Any evaluation of the draft new Mining Charter Mineral Resources Minister Gwede Mantashe gazetted last week needs two starting points: one is that the industry has done much to transform and tackle the legacies of the past but there is still much to be done; the other is the fact that investment in SA’s mining industry in 2017 was significantly lower in real terms than it was in 2010, and so too was the number of people employed in the industry.
The industry needs transformation, but unless it can attract more investment, there will eventually be nothing left to transform. Without a significant and sustained increase in capital spending, SA’s mining industry will continue to shrink, as will the number of livelihoods it provides for workers and communities as well as the economic activity, tax revenue and foreign exchange earnings it provides for SA.
The charter has therefore to strike an appropriate balance between the pursuit of transformation and the pursuit of competitiveness and investor confidence. Mantashe’s new draft charter does so very much better than his predecessor Mosebenzi Zwane’s disastrous June 2017 revised charter, which slashed R51bn off the value of mining shares in a single day after its release. It does so in an environment that is incomparably better than that which prevailed in 2017, when the government and the mining industry were battling it out in court and there was no possibility of partnership between them.
The big problem is with new mining licences. Mantashe’s team has dropped several bombshells into the draft charter, which did not feature in the discussions. One of them — the 'free carry' — could help to make the industry all but uninvestable.
However, though the new draft charter addresses concerns about the old, it is still a flawed document. Tough negotiations will be needed if industry and the government are to find each other. If they cannot, there is little chance that investment will start flowing again; SA’s mining sector will continue its slow slide.
At least this time the charter has been crafted in discussions between all the stakeholders in mining. It addresses the issue that has been a cause of uncertainty and conflict between the industry and the government since before Zwane’s time: the "once empowered always empowered" issue, of whether mining companies receive credit for previous empowerment transactions, or have to keep re-empowering themselves, over and over and at great cost, when deals mature. The new charter ensures that deals done in the past will be counted. It does raise the target empowerment equity holding from 26% to 30% for existing mining licences, and while arguably that is a case of moving the goalposts, it shouldn’t be too difficult for most companies to implement.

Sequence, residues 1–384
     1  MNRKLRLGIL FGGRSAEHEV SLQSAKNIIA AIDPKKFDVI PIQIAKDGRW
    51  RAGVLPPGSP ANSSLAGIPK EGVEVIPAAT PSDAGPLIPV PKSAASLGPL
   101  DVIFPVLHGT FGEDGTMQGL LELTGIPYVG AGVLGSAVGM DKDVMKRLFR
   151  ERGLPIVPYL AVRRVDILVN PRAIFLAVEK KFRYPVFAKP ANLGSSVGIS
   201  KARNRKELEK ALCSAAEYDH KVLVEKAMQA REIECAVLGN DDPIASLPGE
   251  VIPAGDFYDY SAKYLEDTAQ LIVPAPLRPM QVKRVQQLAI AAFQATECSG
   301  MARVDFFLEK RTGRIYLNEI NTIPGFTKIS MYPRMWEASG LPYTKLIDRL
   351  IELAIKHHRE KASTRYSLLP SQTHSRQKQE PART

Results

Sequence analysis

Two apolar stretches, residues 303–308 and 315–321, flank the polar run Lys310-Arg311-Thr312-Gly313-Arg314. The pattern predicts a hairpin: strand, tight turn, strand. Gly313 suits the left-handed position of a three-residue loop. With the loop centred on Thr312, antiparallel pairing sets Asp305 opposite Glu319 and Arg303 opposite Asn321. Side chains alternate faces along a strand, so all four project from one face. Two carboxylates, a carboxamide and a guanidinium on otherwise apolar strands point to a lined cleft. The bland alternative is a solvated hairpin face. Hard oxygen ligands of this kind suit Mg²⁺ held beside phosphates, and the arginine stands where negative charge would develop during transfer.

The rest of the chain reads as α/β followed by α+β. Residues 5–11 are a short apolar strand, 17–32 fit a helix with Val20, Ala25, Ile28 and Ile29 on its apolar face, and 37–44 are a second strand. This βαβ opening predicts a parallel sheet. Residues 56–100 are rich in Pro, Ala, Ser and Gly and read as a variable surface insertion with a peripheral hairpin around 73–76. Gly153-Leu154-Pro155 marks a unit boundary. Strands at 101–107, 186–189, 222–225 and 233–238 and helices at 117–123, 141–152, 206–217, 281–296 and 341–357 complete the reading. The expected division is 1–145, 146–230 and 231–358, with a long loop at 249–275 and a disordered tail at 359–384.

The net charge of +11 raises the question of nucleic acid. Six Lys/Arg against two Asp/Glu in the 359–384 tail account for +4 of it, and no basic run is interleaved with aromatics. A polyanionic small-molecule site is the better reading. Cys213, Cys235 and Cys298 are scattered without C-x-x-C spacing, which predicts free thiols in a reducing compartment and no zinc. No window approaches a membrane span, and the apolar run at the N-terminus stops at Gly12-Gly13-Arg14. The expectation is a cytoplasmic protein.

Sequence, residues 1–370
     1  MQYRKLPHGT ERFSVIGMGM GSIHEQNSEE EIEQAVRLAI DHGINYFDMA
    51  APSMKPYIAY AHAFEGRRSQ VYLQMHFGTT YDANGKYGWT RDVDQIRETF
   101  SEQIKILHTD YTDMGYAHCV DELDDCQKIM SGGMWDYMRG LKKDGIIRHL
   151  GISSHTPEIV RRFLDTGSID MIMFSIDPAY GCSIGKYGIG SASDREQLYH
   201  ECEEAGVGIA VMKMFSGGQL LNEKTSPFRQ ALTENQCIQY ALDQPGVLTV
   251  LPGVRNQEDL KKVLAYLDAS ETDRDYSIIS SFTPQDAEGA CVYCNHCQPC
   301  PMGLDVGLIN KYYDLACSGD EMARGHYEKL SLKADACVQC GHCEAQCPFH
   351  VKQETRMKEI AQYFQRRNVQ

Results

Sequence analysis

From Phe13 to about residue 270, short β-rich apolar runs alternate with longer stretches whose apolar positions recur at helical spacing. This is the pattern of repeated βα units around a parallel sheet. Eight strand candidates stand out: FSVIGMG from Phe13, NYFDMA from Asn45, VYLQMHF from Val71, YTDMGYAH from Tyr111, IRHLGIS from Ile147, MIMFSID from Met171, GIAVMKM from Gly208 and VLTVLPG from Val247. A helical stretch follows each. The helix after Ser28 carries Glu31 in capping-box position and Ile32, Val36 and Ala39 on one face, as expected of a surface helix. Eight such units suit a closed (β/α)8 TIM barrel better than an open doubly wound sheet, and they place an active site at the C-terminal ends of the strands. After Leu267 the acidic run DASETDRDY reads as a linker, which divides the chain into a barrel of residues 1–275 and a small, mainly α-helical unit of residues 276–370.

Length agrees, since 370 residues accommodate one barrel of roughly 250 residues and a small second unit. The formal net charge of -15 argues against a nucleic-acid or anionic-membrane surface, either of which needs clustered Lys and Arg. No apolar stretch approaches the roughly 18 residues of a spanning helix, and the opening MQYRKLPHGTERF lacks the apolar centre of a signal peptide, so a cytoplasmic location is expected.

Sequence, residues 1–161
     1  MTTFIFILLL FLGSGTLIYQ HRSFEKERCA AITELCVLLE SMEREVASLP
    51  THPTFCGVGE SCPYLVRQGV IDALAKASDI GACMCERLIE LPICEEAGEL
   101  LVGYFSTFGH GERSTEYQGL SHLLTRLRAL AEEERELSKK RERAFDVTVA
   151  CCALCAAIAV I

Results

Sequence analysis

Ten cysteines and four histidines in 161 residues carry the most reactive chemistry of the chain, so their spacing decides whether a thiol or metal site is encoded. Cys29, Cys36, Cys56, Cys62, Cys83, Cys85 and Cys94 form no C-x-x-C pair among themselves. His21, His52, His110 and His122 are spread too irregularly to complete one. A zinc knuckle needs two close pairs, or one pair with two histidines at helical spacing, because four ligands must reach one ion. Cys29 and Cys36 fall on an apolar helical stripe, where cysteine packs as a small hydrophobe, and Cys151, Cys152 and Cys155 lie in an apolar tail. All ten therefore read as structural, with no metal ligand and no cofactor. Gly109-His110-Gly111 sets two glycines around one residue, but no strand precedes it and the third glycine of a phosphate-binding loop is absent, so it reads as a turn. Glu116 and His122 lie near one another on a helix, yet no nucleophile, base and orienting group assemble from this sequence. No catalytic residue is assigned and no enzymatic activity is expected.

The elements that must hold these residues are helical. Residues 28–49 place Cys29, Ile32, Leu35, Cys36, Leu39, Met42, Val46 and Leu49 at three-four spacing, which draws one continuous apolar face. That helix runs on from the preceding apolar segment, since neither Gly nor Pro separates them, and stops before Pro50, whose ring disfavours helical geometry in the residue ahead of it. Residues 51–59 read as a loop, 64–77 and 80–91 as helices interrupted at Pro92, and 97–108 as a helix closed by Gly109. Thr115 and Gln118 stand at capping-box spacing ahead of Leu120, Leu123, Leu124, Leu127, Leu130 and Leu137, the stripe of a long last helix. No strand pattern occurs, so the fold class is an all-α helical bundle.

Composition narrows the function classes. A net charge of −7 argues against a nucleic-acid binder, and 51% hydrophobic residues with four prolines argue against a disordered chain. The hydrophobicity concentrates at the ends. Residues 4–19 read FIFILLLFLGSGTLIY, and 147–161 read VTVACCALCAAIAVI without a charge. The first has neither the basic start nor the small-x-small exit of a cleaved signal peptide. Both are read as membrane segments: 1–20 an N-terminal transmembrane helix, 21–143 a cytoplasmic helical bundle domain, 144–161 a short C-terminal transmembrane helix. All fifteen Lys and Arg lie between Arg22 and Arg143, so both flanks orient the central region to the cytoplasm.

The big problem is with new mining licences. Mantashe’s team has dropped several bombshells into the draft charter, which did not feature in the discussions. One of them — the "free carry" — could help to make the industry all but uninvestable.
The new charter requires a 30% empowerment shareholding for new licences, of which labour and communities must each hold 8%, including a 5% stake given to each of them for free, so a total of 10% "free carry". That’s on top of the financing the aspirant mining investor would usually have to provide for the other empowerment shareholders. In total this could mean a dilution of up to 20%, which would make it all but impossible to find projects yielding enough of a return to make investment worthwhile.
Is the government willing to take the risk that mining investors will simply take their money elsewhere? Mantashe and his colleagues will need to face that trade-off. Fortunately, the minister has indicated he is open to talks with the industry. The new charter is now open for public comment. Unlike the June 2017 charter it is, thankfully, not cast in stone.
But coming months will test the new relationship Mantashe has sought to build with the industry. A survey by the Minerals Council in late 2017 found that investment could be as much as 84% higher in a more conducive policy and regulatory environment and could generate an additional 150,000 jobs directly and indirectly. That’s the prize, and it is worth winning.